Good day everyone !

You might have seen the news on GitHub, Twitter, ZDNet, and various other places on the net. The whole JavaScript ecosystem discovered an attack targeting BitPay’s Copay product.In order to be sure the compromised package was included in Copay during the building phase, the attacker had to spread an ingenious, obfuscated and malicious code across the whole ecosystem.This malicious code was looking for a description of a package (bunch of code that works as libraries to enhance programmer’s productivity) that had the specific message, “A Secure Bitcoin Wallet”, and used that as a decryption key to unveil and execute the dormant code.

This matched two projects: Copay, and our first fork of copay created 2 years ago while Dash was studying the idea of using Copay as a foundation for DashPay. We did not pursue this idea further, and that project was never used.

The Dash Copay Beta that we worked on and released was not targeted and therefore won’t manage to steal your funds.

Here is the exact naming thing that got everyone (including ZDNet at one point) confused:

  • dash-copay is the name of the repository for the Dash version of Copay, this one is not at risk for different reason (pkg description, different dependencies,…)- copay-dash: Is the library that was also at risk, because it was a fork that we did not even bother to Dashify, so raw, that’s it’s more a tag of a specific version of Copay that a fork. This one, no one has used (except for bots and researchers that downloaded it in recent days).

So, what happened ?

I’ve been looking at it, thanks to a message from Bitpay.

I want to first say how grateful I am to BitPay; they were blazing fast in sharing with us this information, which allowed us to get in touch with ZDNet and clear all suspicions on Dash.

And secondly for all the foundations they paved, theses packages remain open-source which means that if you do not maintain them, they get outdated, with issues and vulnerabilities. And in this case, I think that the Bitcoin community would benefit from grouping together and starting a Patreon (or forking our governance system) to fund some devs to be able to keep everything up-to-date, to be able to verify the dependencies, and to be able to improve and reduce their dependencies.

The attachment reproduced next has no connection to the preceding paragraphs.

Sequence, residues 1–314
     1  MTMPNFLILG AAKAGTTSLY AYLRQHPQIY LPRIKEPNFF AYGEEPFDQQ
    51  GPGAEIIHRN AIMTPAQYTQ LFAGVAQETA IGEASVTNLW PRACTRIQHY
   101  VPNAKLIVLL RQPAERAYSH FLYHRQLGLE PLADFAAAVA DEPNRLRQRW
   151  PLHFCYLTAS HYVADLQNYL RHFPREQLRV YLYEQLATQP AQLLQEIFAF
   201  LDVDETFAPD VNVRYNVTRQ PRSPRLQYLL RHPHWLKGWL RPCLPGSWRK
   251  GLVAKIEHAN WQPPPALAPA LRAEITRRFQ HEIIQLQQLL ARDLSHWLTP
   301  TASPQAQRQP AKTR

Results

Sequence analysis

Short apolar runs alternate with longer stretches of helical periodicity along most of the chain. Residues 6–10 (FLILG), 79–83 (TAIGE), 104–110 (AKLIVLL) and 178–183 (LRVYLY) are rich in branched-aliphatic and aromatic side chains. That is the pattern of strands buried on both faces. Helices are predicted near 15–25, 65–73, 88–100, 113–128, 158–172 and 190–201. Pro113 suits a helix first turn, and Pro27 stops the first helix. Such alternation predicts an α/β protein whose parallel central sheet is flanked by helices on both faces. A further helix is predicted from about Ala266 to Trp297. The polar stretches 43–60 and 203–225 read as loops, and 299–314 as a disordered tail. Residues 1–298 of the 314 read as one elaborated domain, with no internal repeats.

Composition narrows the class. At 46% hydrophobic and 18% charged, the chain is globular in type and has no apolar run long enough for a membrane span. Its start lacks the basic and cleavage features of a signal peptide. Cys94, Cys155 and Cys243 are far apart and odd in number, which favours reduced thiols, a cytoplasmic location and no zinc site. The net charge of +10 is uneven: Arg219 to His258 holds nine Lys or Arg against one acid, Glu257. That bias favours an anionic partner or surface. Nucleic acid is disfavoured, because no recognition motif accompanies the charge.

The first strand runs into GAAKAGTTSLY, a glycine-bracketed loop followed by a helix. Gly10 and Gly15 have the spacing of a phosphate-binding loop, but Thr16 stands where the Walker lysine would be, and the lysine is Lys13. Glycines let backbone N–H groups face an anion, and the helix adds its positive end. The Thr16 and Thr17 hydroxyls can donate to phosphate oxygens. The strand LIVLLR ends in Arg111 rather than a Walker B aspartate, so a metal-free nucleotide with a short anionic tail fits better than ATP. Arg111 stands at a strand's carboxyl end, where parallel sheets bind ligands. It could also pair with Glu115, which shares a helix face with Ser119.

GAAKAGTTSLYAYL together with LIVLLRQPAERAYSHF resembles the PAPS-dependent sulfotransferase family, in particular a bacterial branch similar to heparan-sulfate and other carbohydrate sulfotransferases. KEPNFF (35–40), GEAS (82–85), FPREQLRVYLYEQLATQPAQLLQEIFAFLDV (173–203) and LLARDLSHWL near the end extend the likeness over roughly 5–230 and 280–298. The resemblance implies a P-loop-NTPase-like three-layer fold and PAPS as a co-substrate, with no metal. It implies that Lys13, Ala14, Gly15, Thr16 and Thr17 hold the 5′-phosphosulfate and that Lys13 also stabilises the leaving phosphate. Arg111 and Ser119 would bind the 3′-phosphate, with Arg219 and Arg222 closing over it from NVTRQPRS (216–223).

So that should be cleared up: This attack targeted everyone, people from React, Vue, Nodemon, from the Node Security team or the Google Security team, experts in their domain also didn’t notice it, because it’s finding a needle in a haystack.So clearly, it’s not about BitPay, but it’s good warning for all of us to improve our package dependency strategy and review processes.

On the 20th of November, a CS Student found that a package included some strange code. He found a code that he couldn’t really understand, but that is known by most of the crypto community devs (JS).He immediately understood that it was malicious, but it took the community time to get the information, and given the control that the attacker had, we are lucky he didn’t or couldn’t remove the GitHub issue…No fault on that–as a Student, did you know who to contact when you found malicious JS code? (FYI to all CS students: https://nodejs.org/en/security/ is also to be used for third-party vulnerabilities)

This code, present in a minified file, but not in the regular file (the one people actually read), was trying to decipher an aes256 ciphered message that was first turned into a hexadecimal string. The decryption key is the npm_package_description, all packages have one, but Copay specifically has “A Secure Bitcoin Wallet”. How did they find that? Well, by iterating all packages descriptions available (and there are a lot of them).

When you enter this passphrase, you then get the code that is injected. This injection as explained before, targets your private keys, requires another package to do that (bitcore-wallet-client), and will then send that information to either:

  • A domain bought using crypto and a throwaway email address: copayapi.host (cost: 0.99$/yr..)- If it doesn’t resolve, to a direct static ip (111.90.151.134) which resolves to a Malaysian Transit Service.

Because Dash Copay does not use bitcore-wallet-client, and doesn’t have the same description, we were not targeted. The attacker has targeted Bitpay Copay implementation having bch / btc. They didn’t care at all about trying to target other implementations like Dash.

This is a good reminder for us that our decision to limit our dependencies is the right one. It doesn’t help our productivity, but it will benefit the security of our Javascript libraries.

So in the end, this attack specifically targeted the BitPay Copay App from 5.0.2 to 5.1.0.